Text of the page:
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Rear Brake Replacement Notes

April 21, 2002

This page is not going to be a "follow along as I rebuild my rear brakes" page. Instead, what I'm going to do is provide some helpful hints that will save you a headache if you decide to tackle this project yourself.

Before I go any further, let me mention that if you've never serviced drum brakes before, you should get someone who has to help you out. It is very easy to misassemble a drum brake in a way that is not obvious to a beginner that will cause major problems once you take the car on the road. If you can't find someone to help you and you don't have a factory service manual, clean the brake assembly and take a few pictures (use an instant or digital camera or even a video camera) so you can correctly reassemble the springs and levers. Also, you'll want to invest in a few specialty tools that will make life easier. You'll need a drum brake return spring tool, a hold down spring tool, and if you'll be replacing wheel cylinders, you'll need a special bleeder screw wrench (K-D 2811 or GM J-28434), a 3/8th flare nut wrench (do not use a box wrench -- you'll destroy the fittings), and a pair of awls.

The brakes on 1978 (and possibly other years as well) "A" body cars have several important differences from the typical GM drum brake. These are the differences:

  • You'll need a special tool to bleed the brakes if you use stock type bleeder screws since they are recessed into the wheel cylinders. The tool is K-D 2811 or GM J-28434. If you don't want to buy this tool (or if you can't find it), you can use Russell Speed Bleeders (I purchased mine from Summit Racing - - they were $10 plus shipping) and an 8mm deep socket.
  • The wheel cylinder is attached to the backing plate with a metal clip instead of a pair of hex head screws. You'll need a pair of awls to bend the clip away from the wheel cylinder (you have to bend both sides away at the same time) to get it out.If you're going to reinstall your existing wheel cylinder, you'll need to replace the clips. To reinstall it, put a block of wood (I had a scrap of 1" x 4" that worked perfectly) between it and the axle flange and then drive the clip on with a 1-1/8th inch socket on the end of a 10 inch extension. Also, make sure there are no young children around when you do this if you have a tendency to cuss.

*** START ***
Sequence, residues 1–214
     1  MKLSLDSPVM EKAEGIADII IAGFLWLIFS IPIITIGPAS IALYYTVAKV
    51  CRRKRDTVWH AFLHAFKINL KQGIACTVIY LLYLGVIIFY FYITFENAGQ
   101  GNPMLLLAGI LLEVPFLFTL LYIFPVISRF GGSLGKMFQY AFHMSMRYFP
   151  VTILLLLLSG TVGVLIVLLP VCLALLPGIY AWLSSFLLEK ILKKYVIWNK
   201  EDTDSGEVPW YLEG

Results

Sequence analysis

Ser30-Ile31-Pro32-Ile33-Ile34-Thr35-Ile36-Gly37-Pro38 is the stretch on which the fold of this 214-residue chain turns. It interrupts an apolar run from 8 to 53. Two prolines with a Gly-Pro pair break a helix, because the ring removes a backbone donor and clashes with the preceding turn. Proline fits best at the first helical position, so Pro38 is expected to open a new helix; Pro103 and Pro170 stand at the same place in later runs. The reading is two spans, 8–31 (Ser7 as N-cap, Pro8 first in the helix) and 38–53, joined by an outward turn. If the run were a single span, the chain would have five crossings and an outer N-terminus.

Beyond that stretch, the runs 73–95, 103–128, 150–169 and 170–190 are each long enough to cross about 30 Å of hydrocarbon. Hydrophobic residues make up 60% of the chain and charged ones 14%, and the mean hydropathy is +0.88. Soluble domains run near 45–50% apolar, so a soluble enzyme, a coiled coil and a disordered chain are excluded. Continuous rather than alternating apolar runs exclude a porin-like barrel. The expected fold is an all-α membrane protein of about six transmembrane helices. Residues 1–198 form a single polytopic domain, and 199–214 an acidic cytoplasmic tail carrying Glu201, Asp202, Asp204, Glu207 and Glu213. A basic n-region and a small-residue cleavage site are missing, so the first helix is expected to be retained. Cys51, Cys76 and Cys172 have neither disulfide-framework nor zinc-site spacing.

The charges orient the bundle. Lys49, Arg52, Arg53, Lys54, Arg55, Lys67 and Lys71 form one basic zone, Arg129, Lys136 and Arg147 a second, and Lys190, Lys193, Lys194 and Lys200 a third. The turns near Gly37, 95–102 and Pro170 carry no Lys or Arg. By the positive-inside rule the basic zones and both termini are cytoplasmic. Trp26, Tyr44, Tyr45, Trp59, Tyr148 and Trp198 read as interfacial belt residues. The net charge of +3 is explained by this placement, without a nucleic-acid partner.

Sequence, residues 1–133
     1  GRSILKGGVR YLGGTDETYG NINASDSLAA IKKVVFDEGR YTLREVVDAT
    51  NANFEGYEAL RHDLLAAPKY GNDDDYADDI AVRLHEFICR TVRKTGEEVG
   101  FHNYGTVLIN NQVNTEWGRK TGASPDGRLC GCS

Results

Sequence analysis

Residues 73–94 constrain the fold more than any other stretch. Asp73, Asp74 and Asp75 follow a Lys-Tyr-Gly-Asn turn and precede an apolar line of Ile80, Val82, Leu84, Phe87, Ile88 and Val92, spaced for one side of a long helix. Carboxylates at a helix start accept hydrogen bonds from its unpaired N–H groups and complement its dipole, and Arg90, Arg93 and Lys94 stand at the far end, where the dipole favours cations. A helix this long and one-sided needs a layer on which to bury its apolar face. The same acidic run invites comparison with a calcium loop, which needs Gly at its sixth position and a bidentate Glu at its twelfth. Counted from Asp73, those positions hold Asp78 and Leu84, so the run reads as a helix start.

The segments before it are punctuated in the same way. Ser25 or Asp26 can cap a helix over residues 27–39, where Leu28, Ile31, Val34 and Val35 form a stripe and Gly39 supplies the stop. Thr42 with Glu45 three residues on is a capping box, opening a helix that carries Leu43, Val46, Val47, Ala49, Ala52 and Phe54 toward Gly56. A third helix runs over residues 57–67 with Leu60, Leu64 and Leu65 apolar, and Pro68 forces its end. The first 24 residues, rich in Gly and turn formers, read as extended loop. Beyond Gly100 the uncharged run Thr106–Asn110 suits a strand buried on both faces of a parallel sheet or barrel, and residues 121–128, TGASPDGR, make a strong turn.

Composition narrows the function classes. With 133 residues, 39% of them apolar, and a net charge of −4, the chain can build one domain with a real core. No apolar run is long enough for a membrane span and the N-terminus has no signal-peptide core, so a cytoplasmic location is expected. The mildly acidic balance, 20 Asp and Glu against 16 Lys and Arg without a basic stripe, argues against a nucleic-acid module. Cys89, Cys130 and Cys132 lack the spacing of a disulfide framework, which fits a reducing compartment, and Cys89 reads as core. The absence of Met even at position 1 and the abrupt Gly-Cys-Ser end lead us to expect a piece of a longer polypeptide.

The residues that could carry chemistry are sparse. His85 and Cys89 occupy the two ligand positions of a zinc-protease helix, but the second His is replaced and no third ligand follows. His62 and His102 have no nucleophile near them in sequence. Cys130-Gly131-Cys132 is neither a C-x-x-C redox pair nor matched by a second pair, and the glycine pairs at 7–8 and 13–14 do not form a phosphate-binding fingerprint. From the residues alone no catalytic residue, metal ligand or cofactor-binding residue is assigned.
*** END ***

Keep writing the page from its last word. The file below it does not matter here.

• The self-adjuster lever has an override spring on it that is a huge pain to install (see previous note about cussing). If you have a bench vice, it will make the job a little easier since you'll be able to clamp it to something solid. You'll probably want to use a pair of locking pliers (such as Vise-Grips™ -- and I highly recommend the Vice-Grip™ brand) to hold the pivot to the lever while you stretch the spring.
  • When installing the self-adjuster lever to the brake shoe, make sure that the spring seat for the hold down spring is properly seated or you will not be able to install the hold down spring. I had to drive mine in with hammer and a brass punch (you could also use a wooden dowel or a socket and extension to do this) to get everything to fit. If you have to drive it in, make sure the lever still moves freely or the self-adjusting mechanism will not work.